A vision realized: trainee leads pilot project to deliver eye care to Indigenous children in Toronto
By Alisa Kim, IHPME
A study by the Canadian National Institute for the Blind found one-third of Indigenous Canadians have not had an eye exam within the last two years. Moreover, research has shown Indigenous children experience high levels of astigmatism, an irregularity in the shape of the cornea that causes blurred vision. Poor sight has a knock-on effect of making it harder for children to learn as most of the learning in school is based on what a child sees.
Understanding the barriers Indigenous children face in accessing eye care and reducing those barriers is important to Justin Kritzinger, a student in IHPME’s System Leadership and Innovation program. For the program’s capstone project, Kritzinger and his supervisors, Drs. Helen Dimaras, Myrna Lichter and Abi Sriharan, have developed a pilot program with Native Child and Family Services of Toronto and the Native Women’s Resource Centre of Toronto to assess the eye health needs of Indigenous children in Toronto.
“It is extremely important to work with these community organizations as partners to deliver the best possible care and to make sure we’re doing it in a culturally sensitive way that works for the individuals we’re trying to serve,” says Kritzinger, who is also a third-year medical student at the University of Toronto’s Temerty Faculty of Medicine.
The eye clinics will be run through Native Child and Family Services of Toronto and the Native Women’s Resource Centre of Toronto, who will publicize the services and find children who wish to attend the clinics. There, Dr. Lichter along with eye health specialists from The Hospital for Sick Children, will check for eye problems, assess visual acuity and prescribe glasses as needed.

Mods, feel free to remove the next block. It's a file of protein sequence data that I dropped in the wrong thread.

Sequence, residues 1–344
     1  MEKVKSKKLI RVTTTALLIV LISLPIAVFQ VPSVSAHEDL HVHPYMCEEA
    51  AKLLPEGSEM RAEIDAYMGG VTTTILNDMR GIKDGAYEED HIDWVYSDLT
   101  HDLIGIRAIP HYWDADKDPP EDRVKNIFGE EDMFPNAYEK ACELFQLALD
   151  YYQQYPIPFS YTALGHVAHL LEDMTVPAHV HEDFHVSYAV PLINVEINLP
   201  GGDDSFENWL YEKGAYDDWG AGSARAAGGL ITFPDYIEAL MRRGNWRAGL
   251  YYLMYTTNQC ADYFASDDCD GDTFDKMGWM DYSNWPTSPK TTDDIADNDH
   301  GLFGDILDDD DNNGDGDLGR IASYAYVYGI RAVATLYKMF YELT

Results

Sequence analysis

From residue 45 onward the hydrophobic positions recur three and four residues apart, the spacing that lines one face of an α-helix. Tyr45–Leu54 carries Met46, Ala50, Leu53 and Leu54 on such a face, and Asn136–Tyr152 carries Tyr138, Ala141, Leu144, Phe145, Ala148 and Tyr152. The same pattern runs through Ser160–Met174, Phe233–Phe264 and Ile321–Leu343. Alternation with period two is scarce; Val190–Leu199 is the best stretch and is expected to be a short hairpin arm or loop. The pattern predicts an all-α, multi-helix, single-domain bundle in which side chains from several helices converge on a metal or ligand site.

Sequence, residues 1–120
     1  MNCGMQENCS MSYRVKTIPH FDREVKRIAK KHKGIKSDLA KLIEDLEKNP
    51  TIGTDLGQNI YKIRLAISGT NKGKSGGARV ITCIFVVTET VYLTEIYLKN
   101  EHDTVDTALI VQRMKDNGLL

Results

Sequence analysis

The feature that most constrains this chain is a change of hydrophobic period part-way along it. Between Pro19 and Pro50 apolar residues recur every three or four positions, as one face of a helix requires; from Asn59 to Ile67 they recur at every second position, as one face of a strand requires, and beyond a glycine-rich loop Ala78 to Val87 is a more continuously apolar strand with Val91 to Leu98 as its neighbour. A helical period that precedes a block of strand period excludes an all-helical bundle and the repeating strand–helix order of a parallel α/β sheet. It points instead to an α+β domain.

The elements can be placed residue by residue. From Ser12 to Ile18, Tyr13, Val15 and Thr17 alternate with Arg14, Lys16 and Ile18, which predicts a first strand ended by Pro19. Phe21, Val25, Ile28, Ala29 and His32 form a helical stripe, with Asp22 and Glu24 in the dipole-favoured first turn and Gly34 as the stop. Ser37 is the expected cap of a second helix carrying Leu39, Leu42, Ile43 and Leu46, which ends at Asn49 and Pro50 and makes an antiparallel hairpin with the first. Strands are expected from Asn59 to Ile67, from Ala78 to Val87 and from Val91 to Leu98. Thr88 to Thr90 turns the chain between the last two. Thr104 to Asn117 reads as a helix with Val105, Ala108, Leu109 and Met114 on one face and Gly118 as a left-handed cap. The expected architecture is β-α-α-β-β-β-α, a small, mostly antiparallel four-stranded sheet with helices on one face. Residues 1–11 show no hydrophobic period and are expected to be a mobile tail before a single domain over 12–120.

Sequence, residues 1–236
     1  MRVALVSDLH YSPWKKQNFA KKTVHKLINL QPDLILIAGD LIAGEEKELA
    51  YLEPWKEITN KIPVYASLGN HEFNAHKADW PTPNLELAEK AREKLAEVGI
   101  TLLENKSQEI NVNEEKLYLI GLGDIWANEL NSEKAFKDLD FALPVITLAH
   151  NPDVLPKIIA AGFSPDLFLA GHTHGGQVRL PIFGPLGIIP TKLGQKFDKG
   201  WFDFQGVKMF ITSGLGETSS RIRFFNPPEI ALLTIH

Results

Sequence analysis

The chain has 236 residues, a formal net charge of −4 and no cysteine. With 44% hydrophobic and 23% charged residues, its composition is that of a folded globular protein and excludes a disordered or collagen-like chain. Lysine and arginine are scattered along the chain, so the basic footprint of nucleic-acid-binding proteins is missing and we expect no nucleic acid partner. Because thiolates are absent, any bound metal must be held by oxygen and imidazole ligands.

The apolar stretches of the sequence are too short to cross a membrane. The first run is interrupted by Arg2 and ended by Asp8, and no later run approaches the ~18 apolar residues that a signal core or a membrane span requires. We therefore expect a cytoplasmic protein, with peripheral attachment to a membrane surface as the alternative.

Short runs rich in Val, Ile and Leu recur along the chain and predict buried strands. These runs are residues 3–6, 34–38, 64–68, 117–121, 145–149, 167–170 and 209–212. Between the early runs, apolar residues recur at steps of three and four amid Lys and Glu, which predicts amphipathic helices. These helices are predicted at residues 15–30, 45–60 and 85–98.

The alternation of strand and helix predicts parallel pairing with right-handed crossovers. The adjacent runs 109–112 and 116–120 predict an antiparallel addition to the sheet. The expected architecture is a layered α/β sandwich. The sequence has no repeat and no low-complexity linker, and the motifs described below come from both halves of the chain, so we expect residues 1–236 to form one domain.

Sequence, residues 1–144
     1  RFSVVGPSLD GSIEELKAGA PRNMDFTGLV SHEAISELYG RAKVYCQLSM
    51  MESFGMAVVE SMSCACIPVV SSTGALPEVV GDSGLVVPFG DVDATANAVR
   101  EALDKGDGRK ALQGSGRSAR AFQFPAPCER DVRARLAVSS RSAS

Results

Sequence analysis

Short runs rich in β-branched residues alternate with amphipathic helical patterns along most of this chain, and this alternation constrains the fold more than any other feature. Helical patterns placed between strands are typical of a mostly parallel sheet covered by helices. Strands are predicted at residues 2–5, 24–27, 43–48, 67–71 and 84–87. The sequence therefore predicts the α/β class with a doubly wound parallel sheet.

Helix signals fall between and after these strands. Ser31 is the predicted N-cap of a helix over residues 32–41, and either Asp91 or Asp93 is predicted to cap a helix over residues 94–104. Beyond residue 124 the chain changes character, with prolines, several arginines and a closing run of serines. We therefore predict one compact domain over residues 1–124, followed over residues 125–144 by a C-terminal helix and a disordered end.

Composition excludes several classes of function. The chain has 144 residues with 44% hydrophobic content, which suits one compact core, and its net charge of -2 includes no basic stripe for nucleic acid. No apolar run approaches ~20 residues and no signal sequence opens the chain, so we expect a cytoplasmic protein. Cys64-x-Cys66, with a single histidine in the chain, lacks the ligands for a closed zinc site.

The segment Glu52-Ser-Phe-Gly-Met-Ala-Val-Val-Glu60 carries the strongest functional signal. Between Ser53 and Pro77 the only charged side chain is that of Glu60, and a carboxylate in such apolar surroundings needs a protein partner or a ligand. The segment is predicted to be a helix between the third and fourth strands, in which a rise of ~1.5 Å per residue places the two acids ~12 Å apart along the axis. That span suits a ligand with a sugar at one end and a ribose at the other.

The idea for the project arose from Kritzinger’s prior work with the Native Women’s Resource Centre of Toronto to deliver eye care to adults. “The leaders there had said that a lot of the moms would say, ‘I’d love to have my kids’ eyes examined as well.’ We thought, why couldn’t we do the same thing we’re doing with the adults with the children? The moms there could bring in their kids and both could have their eyes examined at the same time. It would be a convenient experience and the kids could receive eye glasses as well,” he says.
The clinics are possible due to the volunteer service of participating ophthalmologists and a $25,000 grant from the Centre for Global Child Health at The Hospital for Sick Children, which will pay for the children’s eye glasses.
In addition to providing care, the team will study the prevalence of vision and eye disorders among school-aged Indigenous children, identify barriers Indigenous children face in accessing care, and find ways to provide culturally safe and comprehensive eye exams and follow-up care.
Kritzinger says he hopes the eye clinics will have a positive impact on the health of the children who attend them. The ultimate goal is to develop a long-term program that can be integrated into the existing infrastructure of community centres. “My hope is that we’ll be able to impact the quality of life for many children by correcting vision problems early on, which can have immense downstream consequences if left uncorrected. We also want to develop a sustainable program that’s able to serve the community in a meaningful way for a long time. This can only be done by working with the community and organizations under their direction.”